SBI home loans to get expensive as bank hikes base rate by 5 bps
Last week, SBI increased 2-10 year retail term deposit rates by 10-25 bps due to tight liquidity (shortage of cash) in the banking system. This was the second hike in deposit rate in the past one month.Updated: Apr 02, 2018, 21:29 IST
Existing home loans from the State Bank of India (SBI), the country’s largest lender, will get marginally expensive with the bank increasing its base rate to 8.70%, up 5 basis points (bps), from 8.65%, in what analysts see as a first sign of gradually hardening interest rates. A basis point is one-hundredth of a percentage point.
This is the first increase in the base rate in the last five years. The bank has also increased its benchmark prime lending rate (BPLR) by 5 bps to 13.45% from 13.40%. The last rate increase in both base rate and BPLR happened in 2013. Since then, rates have been on a downward trajectory. “Around 20-25% loans in the industry are still linked to base rate,” said Udit Kariwala, associate director-financial institutions, India Ratings and Research.
SBI attributes the base rate hike to the increase in term deposit rates. “The marginal increase in base rate is due to the upward movement in term deposit rates. As the cost of deposits goes up, it reflects on the base rate as well,” said PK Gupta, managing director, SBI.
Last week, SBI increased 2-10 year retail term deposit rates by 10-25 bps due to tight liquidity (shortage of cash) in the banking system. This was the second hike in deposit rate in the past one month.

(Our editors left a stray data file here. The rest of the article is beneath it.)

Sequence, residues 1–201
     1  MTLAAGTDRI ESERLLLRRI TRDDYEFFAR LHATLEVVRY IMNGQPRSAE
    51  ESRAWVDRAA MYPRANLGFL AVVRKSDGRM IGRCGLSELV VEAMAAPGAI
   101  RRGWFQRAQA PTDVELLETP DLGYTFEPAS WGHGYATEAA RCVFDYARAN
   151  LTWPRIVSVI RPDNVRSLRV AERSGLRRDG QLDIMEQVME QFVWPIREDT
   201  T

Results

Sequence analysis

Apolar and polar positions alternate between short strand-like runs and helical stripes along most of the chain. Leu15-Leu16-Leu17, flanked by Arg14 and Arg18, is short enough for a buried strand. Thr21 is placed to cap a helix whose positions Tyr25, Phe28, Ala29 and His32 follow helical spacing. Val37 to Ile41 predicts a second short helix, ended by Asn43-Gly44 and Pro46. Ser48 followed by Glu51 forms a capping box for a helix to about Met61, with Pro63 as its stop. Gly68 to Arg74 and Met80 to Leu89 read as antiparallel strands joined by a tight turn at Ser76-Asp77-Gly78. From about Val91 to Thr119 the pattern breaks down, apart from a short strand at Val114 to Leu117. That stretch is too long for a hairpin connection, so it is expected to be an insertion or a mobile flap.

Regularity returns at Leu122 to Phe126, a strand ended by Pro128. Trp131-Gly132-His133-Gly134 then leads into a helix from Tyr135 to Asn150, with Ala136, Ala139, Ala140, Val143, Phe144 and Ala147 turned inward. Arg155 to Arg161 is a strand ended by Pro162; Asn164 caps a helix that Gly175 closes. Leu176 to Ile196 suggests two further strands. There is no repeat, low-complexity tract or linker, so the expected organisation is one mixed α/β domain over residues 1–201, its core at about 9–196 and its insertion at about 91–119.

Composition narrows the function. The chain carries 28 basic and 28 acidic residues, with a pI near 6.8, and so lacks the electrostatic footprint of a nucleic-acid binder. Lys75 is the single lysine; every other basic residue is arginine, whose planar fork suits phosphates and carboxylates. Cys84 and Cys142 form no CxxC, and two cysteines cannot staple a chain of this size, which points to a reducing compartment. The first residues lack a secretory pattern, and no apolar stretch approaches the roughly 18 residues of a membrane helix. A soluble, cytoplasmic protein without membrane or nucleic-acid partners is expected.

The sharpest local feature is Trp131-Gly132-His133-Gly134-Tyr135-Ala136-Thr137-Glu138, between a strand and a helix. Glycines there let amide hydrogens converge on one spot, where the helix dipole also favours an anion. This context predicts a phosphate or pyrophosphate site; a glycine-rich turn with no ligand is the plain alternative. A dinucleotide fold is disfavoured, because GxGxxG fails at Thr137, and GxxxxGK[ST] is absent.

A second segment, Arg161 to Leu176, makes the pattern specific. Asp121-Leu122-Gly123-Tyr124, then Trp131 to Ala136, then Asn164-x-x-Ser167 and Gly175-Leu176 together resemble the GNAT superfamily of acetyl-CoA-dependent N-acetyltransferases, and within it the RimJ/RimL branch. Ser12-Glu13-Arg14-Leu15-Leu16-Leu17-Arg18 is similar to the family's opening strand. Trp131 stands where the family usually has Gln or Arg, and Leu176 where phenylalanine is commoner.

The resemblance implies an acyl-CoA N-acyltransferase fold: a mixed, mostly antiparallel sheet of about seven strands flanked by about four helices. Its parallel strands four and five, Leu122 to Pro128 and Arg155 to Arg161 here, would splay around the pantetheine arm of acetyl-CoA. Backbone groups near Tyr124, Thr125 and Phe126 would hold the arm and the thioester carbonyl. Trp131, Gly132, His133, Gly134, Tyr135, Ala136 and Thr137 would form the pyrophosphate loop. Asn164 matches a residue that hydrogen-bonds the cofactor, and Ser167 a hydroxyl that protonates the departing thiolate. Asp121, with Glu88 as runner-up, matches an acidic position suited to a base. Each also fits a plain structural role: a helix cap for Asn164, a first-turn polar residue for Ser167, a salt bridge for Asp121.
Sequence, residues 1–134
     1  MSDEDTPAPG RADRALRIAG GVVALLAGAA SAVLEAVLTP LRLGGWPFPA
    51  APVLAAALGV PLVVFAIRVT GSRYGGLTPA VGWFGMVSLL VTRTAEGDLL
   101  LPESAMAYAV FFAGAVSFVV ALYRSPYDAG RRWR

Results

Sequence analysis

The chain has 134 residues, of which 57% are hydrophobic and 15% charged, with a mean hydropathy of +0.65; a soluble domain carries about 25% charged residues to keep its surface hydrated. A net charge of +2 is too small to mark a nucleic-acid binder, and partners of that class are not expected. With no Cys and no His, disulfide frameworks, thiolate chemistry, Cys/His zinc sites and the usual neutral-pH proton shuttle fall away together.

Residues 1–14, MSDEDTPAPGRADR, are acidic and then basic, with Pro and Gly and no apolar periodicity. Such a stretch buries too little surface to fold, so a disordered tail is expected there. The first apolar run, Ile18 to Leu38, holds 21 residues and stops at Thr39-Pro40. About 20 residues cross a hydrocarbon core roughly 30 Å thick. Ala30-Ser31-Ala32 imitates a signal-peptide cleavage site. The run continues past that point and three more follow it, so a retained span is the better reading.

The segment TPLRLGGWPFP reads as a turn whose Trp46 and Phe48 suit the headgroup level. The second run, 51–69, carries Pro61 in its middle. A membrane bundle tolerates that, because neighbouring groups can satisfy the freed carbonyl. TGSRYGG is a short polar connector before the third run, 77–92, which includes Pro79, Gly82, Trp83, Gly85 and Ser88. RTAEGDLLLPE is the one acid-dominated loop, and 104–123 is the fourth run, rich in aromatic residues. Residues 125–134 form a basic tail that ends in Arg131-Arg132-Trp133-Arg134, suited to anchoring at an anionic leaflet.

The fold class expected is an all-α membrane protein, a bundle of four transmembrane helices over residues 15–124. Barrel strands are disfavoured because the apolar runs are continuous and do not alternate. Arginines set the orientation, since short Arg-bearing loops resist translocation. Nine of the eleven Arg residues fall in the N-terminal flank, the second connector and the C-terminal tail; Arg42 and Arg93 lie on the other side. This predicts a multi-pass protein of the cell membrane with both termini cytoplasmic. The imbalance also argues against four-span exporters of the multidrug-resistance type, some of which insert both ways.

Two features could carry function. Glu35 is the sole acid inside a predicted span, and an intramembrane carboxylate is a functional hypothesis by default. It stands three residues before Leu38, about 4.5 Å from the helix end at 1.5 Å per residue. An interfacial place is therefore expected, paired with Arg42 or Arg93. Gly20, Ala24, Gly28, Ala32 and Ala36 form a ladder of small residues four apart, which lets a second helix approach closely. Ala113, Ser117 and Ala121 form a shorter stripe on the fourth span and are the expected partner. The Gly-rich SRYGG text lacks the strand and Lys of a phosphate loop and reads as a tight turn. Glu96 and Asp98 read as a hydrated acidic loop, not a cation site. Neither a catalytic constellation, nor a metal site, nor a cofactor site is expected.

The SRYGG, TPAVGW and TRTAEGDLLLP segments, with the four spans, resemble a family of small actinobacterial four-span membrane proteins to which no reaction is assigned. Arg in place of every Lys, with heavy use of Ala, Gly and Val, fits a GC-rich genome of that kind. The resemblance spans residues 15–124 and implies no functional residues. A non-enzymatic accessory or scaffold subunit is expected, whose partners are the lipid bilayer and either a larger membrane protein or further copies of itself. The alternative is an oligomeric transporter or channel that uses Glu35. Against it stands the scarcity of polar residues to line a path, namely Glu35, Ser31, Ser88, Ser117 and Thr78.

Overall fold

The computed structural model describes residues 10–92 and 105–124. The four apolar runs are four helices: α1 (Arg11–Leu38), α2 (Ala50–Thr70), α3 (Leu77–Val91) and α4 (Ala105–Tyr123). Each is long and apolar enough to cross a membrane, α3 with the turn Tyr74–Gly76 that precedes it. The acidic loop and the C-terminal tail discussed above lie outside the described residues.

“Deposit growth has come off in the last couple of quarters. With credit growth showing some green shoots (though not driven by capital expenditure) and deposit growth being tepid, banks are repricing deposits. In general, in a credit growth scenario, the pricing power of banks tend to go up,” said Kariwala.
Home loans taken before April 2016 and after July 2010 were linked to base rate. From April 2016, all home loans offered by banks are linked to marginal cost of funds-based lending rates (MCLR).
The increase in base rate comes after banks, including SBI, Punjab National Bank and ICICI Bank Ltd increased their MCLR by 10-20 bps in March — the first hike in interest rate after the MCLR system came into effect.
Analysts expect lending rates to go up in the banking system. “There will be a gradual hardening of the interest rates. Even before the regulator signals it in the monetary policy, the banking system has recognised the need for increasing the interest rates,” said Ashvin Parekh, managing partner, Ashvin Parekh Advisory Services Llp.